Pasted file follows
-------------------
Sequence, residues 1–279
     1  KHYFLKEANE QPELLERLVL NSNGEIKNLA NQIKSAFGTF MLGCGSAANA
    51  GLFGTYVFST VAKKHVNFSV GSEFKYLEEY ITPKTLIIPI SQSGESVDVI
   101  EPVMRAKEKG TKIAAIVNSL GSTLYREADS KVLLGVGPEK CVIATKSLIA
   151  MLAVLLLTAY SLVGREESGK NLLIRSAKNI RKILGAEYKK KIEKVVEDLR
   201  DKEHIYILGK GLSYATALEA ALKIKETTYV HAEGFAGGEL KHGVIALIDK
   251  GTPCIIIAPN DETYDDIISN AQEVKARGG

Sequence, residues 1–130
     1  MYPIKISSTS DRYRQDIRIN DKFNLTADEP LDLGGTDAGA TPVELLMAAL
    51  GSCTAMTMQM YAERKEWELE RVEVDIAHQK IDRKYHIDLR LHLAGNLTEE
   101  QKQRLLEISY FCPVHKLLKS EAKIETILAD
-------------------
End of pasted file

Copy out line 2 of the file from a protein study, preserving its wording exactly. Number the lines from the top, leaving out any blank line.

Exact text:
     1  KHYFLKEANE QPELLERLVL NSNGEIKNLA NQIKSAFGTF MLGCGSAANA